Kempelen and Vaucanson would fit very well into Silicon Valley today. They could make mysterious machines and wondrous claims to the public about what they could do. Vaucanson literally snuck shit into his technological system and called it innovation. And Kempelen’s Mechanical Turk was a forerunner of today’s systems of artificial intelligence, not because it managed to play a game well, as with IBM’s Deep Blue or Google’s AlphaGo, but because many AI systems are, in large part, also technical illusions designed to fool the public. Whether it’s content moderation for social media or image recognition for police surveillance, claims abound about the effectiveness of AI-powered analytics, when, in reality, the cognitive labor comes from an office building full of (low-waged) workers.

We can call this way of building and presenting such systems — whether analog automatons or digital software — Potemkin AI. There is a long list of services that purport to be powered by sophisticated software, but actually rely on humans acting like robots. Autonomous vehicles use remote-driving and human drivers disguised as seats to hide their Potemkin AI. App developers for email-based services like personalized ads, price comparisons, and automated travel-itinerary planners use humans to read private emails. A service that converted voicemails into text, SpinVox, was accused of using humans and not machines to transcribe audio. Facebook’s much vaunted personal assistant, M, relied on humans — until, that is, it shut down the service this year to focus on other AI projects. The list of Potemkin AI continues to grow with every cycle of VC investment.

The term Potemkin derives from the name of a Russian minister who built fake villages to impress Empress Catherine II and disguise the true state of things. Potemkin tech, then, constructs a façade that not only hides what’s going on but deceives potential customers and the general public alike. Rather than the Wizard of Oz telling us to pay no attention to the man behind the curtain, we have programmers telling us to pay no attention to the humans behind the platform.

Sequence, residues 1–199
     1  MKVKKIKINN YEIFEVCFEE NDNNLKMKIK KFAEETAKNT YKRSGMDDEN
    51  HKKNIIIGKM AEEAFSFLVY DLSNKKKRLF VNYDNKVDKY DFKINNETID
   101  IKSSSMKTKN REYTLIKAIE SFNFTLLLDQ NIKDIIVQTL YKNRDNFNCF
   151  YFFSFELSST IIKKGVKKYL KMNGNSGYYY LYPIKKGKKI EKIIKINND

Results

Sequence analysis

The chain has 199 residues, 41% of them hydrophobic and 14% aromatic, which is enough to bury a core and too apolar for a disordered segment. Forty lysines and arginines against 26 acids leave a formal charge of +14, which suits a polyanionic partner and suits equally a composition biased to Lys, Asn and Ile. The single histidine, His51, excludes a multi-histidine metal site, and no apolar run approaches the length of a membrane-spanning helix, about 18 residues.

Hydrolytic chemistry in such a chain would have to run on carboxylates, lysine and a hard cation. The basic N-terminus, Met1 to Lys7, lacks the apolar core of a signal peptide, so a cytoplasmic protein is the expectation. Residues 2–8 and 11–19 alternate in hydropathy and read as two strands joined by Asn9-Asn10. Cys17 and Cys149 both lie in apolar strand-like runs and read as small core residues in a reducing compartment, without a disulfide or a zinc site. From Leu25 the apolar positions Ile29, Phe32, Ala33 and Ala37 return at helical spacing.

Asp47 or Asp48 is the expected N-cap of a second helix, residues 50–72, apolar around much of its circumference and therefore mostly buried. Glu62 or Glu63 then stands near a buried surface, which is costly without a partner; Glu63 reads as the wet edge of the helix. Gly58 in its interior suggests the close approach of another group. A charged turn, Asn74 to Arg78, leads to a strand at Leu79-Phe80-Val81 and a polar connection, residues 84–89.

When the inner workings of a technology are obscured, it’s often labeled a “black box,” a term derived from engineering diagrams where you can see the inputs and outputs but not what happens in between. An algorithm, for example, might effectively be black-boxed because the technical details are described using dense jargon decipherable by only a small group of experts. Accusations of willful obscurantism are often reserved for postmodernism, but as a recent paper on “troubling trends in machine learning scholarship” points out, research and applications in this field are rife with ambiguous details, shaky claims, and deceptive obfuscation. Being baffled by abstruse critical theory is one thing, but not being able to discern how an AI makes medical diagnoses is much more consequential.

Algorithms might also be black-boxed through the force of law by the tech companies who claim them as trade secrets. In The Black Box Society, Frank Pasquale details how many of the algorithms that govern information and finance —the circulation of data and dollars — are shrouded in opacity. Algorithms are often described as a type of recipes. Just as Coca Cola keeps their formula a tightly guarded secret, so too do tech companies fiercely protect their “secret sauce.” Again, it’s one thing to enjoy a beverage we can’t reverse-engineer, but quite another to take on faith proprietary software that makes sentencing decisions in criminal cases.

Potemkin AI is related to black boxing, but it pushes obfuscation into deception. The Mechanical Turk, like many of the much-discussed AI systems today, was not just a black box that hides its inner workings from prying eyes. After all, Kempelen literally opened his automaton’s cabinet and purported to explain how what looked to be a complex machine worked. Except that he was lying. Similarly, marketing about AI systems deploy technical buzzwords work as though they were a magician’s incantations: Smart! Intelligent! Automated! Cognitive computing! Deep learning! Abracadabra! Alakazam!
See also July's "The rise of 'pseudo-AI': how tech firms quietly use humans to do bots' work".

And previously from Mr. Sadowski and Professor Frank Pasquale a mini-tour de force:
The Spectrum of Control: A Social Theory of The Smart City